October 11, 2012 — The Roman Catholic Archdioceses of Atlanta and Savannah on Wednesday filed a lawsuit alleging that federal contraceptive coverage rules infringe on their religious beliefs, the Atlanta Journal-Constitution reports (Rankin, Atlanta Journal-Constitution, 10/10). Christ the King Catholic School and Catholic Charities of the Archdiocese of Atlanta also are plaintiffs in the case (Harrell, AP/CBS Atlanta, 10/10).
The suit claims that the rules will require religious institutions to provide access to and pay for abortion-inducing drugs, sterilization and contraception.
It also states that the archdioceses cannot tell if they qualify for the "religious exemption" to the rules and that they would have to "submit to an intrusive and arbitrary governmental investigation" to find out (Atlanta Journal-Constitution, 10/10).
The contraceptive coverage rules, which are being implemented under the Affordable Care Act (PL 111-148), require health plans issued or renewed after Aug. 1 to cover contraceptive services without copayments or deductibles. HHS has given religiously affiliated entities, such as colleges and hospitals, a one-year delay period to come into compliance, and religious institutions, such as churches and synagogues, are exempt altogether (Women's Health Policy Report, 10/10).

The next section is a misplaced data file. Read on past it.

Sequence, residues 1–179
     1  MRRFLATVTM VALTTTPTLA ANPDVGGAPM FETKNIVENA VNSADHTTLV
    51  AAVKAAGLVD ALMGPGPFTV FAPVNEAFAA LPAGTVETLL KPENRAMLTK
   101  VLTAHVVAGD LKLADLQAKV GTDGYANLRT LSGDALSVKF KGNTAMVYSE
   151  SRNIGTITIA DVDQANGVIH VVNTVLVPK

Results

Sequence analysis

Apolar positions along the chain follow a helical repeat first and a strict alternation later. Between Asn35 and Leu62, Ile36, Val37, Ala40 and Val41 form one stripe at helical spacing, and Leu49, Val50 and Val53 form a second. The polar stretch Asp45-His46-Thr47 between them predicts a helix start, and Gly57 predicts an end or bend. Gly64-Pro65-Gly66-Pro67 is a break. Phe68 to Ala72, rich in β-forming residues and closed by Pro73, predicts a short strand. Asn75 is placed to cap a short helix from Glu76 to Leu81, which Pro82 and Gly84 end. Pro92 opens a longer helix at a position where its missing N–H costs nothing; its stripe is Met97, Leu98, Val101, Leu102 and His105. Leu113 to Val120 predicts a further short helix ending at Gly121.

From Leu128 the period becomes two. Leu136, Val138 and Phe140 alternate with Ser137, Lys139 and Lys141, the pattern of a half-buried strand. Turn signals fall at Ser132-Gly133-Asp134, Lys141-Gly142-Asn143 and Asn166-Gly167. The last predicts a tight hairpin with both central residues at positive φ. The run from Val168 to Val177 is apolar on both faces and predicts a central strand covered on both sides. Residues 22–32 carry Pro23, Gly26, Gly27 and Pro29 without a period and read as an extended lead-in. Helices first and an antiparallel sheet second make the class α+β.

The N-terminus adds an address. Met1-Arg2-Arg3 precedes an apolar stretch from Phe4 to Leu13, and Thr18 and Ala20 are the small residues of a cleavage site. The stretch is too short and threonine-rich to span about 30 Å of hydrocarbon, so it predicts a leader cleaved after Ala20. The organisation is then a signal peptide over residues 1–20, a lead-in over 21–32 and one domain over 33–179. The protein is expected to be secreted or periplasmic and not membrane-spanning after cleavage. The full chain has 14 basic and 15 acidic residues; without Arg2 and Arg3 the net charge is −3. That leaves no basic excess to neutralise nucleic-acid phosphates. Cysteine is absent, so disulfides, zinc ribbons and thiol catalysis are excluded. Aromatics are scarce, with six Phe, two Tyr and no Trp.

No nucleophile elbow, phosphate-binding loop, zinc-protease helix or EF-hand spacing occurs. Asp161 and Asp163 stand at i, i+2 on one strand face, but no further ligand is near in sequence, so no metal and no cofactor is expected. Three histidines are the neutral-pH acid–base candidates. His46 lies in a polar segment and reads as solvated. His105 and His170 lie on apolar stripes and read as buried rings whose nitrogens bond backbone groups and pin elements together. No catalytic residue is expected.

Response to Catholic Lawsuits
In a recent response to a similar lawsuit filed by another archdiocese and a Catholic college, the Department of Justice said it is continuing to work with Catholic entities during the delay period and will propose and finalize a rule before any enforcement actions are taken. The Obama administration has said it will give religiously affiliated entities at least until Jan. 1, 2014 to come into compliance.
Jon O'Brien, president of the advocacy group Catholics for Choice, criticized the lawsuits. "It's obvious that the hierarchy in the Catholic church has really failed to convince Catholics in the pews to adhere to their very narrow understanding of human sexuality," he said, noting that 98% of sexually active Catholics use contraception. "Having failed to convince them, they are now resorting to lawsuits," O'Brien added (Atlanta Journal-Constitution, 10/10).
Ill. Company Files Lawsuit
A private company in Illinois also has filed a lawsuit challenging the contraceptive coverage rules, CQ HealthBeat reports.
The owners of Korte & Luitjohan Contractors of Highland, Ill., allege that the rules violate their Catholic beliefs.
The American Center for Law and Justice, an antiabortion-rights legal organization, is representing the company. The group is also representing a Missouri company in a similar lawsuit that was dismissed last week (Norman, CQ HealthBeat, 10/10).